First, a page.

All You Need to Know About Water Softeners

Soft water vs. hard water: All you need to know about water softeners

Thank goodness water softeners exist. One of the most common problems a homeowner encounters is the water quality. Not only does hard water destroy home appliances, but it also leaves scum around the kitchen and could leave people’s skins feeling dried out. That’s no good.

If you use a water softener, you’re essentially cleaning the toxic elements from hard water and turning them into softened water. This filter system basically removes magnesium and a high amount of calcium through the ion exchange process. We know that sounds science-y, but it’s less complicated than it sounds.

HOW IT’S DONE: When water flows through the water softener’s pipes, it filters out the hard minerals that can damage your home’s piping.

While a water softener increases the effectiveness and life span of your home appliances, and is healthy for you and your home’s pipes, let’s learn a bit more about hard water to get a better understanding of its “good” twin.

What is Water Hardness?

Hard water contains many harmful minerals — namely calcium magnesium — which bond with other metals due to their chemical structure. Over time, these bonds create a buildup that looks something like crust on taps and shower heads.

Signs that you have hard water:

  • mineral-like substance building up on shower heads
  • stiff clothing after laundry
  • irritated dry skin after a shower
  • dishes coming out of the dishwasher stained

The sheer amount of energy and time required to reorganize the mess is dizzying. If you’re experiencing any of the above, it’s time to check the taps.

One of the most common and effective ways to know for sure if this is the case is to get a professional hard water test. After, a whole house softener is the solution to scourge water hardness.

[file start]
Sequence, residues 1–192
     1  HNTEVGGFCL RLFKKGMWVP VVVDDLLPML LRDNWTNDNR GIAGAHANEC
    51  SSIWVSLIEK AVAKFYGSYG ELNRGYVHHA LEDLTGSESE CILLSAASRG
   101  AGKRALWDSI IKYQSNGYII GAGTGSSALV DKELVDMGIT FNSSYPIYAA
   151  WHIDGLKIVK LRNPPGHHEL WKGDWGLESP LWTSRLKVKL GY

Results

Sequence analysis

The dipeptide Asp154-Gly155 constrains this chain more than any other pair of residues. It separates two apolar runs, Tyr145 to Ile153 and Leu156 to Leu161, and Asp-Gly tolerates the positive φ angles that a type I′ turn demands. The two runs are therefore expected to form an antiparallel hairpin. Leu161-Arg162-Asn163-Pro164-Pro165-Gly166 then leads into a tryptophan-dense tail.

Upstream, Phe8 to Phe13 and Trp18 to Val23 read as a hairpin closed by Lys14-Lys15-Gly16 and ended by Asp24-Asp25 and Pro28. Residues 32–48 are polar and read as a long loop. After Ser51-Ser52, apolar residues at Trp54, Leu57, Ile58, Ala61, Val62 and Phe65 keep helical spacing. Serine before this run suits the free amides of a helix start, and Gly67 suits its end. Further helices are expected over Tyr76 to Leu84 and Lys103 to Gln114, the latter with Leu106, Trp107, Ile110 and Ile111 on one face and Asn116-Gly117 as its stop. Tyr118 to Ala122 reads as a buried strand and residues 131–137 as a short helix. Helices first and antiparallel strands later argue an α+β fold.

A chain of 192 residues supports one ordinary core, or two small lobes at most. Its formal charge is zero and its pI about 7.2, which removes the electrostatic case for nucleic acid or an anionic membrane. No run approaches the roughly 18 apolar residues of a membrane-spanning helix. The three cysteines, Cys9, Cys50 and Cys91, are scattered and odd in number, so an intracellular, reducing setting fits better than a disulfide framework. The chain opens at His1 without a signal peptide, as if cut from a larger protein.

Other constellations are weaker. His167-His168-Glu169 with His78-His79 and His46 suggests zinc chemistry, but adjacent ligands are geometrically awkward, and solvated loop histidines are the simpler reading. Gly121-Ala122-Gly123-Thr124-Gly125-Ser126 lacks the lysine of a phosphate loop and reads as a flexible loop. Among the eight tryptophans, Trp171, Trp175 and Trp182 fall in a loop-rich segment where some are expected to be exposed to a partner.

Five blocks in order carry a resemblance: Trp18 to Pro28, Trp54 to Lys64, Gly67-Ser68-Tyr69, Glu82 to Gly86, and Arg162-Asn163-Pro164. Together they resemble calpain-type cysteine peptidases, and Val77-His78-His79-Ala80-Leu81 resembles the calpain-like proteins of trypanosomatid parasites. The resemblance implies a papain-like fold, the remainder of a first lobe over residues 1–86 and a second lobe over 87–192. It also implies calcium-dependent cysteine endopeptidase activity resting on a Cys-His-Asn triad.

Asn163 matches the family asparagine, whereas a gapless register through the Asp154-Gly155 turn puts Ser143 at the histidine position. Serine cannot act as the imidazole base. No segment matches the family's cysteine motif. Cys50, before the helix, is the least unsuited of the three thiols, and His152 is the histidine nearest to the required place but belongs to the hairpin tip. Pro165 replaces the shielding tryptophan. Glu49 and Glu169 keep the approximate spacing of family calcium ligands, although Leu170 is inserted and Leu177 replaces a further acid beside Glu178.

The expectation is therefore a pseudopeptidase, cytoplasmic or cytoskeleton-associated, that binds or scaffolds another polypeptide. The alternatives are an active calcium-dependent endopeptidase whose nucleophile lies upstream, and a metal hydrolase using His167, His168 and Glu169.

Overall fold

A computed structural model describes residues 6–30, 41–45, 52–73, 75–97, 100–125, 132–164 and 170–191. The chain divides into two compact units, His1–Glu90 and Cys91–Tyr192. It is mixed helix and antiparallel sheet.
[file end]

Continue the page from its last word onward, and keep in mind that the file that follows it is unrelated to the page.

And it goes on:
Components of a Water Softener:

Typically, a water softener is made up of three components:

  • Mineral tank
  • Brine tank
  • Control valve

Mineral Tank:

The mineral tank is the main chamber that softens the hard water. The water pipe supplies hard water into the tank, seeping through the resin beads and deposits water hardening minerals, including magnesium ions and calcium. Once cleaned, the water then exits the pipes and flows to household appliances.

Control or Head Valve:

The control valve keeps track of the volume of water that enters the mineral tank. It usually sits on top of the resin tank, which is the brain of the water softener.

The head valve operates the entire system while putting through various cycles and controlling the water flow.

Regardless of their form, water head valves prevent water pressure and movement. It checks the indications given by flow and responds to them.

Brine Tank:

The brine tank is just as the name suggests: a plastic tank that stores salt and potassium and aids the water softener in regeneration. This brine solution flushes the mineral tank to recharge it. You can read more about this here.

In Summary:
An estimate suggests over 85 percent of homeowners in the U.S. rely on hard water to clean, bath, and do other home chores. But while this seems like a “normal” way of life due to the high statistic, it’s still doesn’t take away from the long-term negative effects hard water could wreak on the home and the homeowner.

Utilizing a water softener could help more than you realize. A water softener is cost-effective, which saves you from replacing prematurely damaged water heaters or flaky faucet heads that require double water to get cleaned. Investing in a water softener will save your energy and money while protecting your property.

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